In 2002, the founder of Electro-Voice, Al Kahn, gave an interview about the origins of the company, writesJohn Dexter Jones. Describing his involvement in the development of microphones, he passed a remark that has a simple, powerful resonance for his successors in the company he began. The evolution of Indiana-based E-V into the microphone market in the early 1930s set a standard and traces a pioneering line to the present day. That evolution was squarely based on quality. Of Electro-Voice’s first microphone, Kahn said simply: “We made a good one.”
Speaking to Rick Belt, the designer and driving force behind the development of Electro-Voice’s new ND Series of wired microphones, it is immediately apparent that a strong sense of legacy hangs in the air. “I take the view that as a custodian of the brand, my responsibility to handle it with care is of the utmost importance, and that any product stamped with the Electro-Voice name is to be of the highest possible quality,” says Belt.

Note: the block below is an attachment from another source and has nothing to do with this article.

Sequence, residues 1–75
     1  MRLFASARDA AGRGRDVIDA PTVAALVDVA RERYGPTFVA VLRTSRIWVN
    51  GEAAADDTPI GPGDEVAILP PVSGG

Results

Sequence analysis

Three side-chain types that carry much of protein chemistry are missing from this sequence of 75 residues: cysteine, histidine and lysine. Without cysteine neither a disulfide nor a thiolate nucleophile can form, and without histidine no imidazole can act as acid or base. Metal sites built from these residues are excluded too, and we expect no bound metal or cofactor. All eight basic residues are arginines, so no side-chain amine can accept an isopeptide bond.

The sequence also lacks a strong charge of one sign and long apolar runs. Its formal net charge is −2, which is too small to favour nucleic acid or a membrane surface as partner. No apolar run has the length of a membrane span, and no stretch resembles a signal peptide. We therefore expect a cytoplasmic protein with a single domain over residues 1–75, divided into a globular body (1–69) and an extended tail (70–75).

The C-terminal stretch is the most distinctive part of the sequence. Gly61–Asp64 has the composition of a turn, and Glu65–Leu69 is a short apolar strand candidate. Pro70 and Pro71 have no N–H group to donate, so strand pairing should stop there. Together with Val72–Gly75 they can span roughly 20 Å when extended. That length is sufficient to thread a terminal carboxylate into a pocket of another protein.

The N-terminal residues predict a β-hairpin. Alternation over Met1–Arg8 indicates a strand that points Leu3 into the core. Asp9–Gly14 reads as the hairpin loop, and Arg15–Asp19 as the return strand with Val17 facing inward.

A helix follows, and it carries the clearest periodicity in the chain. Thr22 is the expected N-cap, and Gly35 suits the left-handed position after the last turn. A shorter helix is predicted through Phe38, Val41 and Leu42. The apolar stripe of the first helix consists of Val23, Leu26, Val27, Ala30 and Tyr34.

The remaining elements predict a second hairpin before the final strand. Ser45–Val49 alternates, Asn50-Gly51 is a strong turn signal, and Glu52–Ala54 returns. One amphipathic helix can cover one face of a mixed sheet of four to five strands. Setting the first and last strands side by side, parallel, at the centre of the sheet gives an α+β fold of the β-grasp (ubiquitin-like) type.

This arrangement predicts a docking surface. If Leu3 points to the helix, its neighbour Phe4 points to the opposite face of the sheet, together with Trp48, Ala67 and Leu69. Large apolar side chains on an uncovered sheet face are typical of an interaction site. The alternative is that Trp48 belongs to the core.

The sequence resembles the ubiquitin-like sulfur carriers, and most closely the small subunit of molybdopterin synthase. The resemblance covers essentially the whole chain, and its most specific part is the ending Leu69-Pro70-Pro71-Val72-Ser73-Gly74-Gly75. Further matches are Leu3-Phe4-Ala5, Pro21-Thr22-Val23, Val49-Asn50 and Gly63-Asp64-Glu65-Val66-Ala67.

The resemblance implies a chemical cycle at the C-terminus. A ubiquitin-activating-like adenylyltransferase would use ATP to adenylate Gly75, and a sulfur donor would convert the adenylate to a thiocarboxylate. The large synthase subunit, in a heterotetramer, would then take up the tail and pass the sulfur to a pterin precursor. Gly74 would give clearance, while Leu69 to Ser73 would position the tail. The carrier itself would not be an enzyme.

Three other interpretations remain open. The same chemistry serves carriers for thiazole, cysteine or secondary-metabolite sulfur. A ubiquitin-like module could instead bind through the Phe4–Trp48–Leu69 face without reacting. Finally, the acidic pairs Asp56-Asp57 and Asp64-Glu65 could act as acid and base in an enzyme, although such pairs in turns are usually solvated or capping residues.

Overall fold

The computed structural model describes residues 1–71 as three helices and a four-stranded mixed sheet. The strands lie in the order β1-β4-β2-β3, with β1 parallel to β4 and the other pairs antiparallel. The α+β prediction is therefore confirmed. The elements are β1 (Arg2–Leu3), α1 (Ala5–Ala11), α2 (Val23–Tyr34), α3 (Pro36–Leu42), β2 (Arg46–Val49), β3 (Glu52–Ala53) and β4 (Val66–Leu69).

“As part of a wider strategy to update and refresh certain products, the introduction of the new ND Series constitutes the next stage in the evolution of the neodymium technology that we at Electro-Voice pioneered in the 1980s. It wasn’t something to be taken lightly or done in haste.”
The ND Series is the company’s first major launch into the microphone market for a number of years, but as the conversation with Belt progresses, it becomes obvious that an agreed date for this launch would only be reached when the products met his stringent criteria for excellence and value. The fundamental aim of the ND Series was to improve the acoustic performance of the capsules to achieve a more contemporary sonic offering and include features that would significantly enhance the experience of end-users.
Belt (pictured) explains: “At the point when we launched the successful RE 320 [dynamic vocal and instrument mic] in 2011, we began to approach how we were going to refresh the entire family of ‘N/DYMs’ – and with eight items in the range, it does take a bit of time to craft a solution.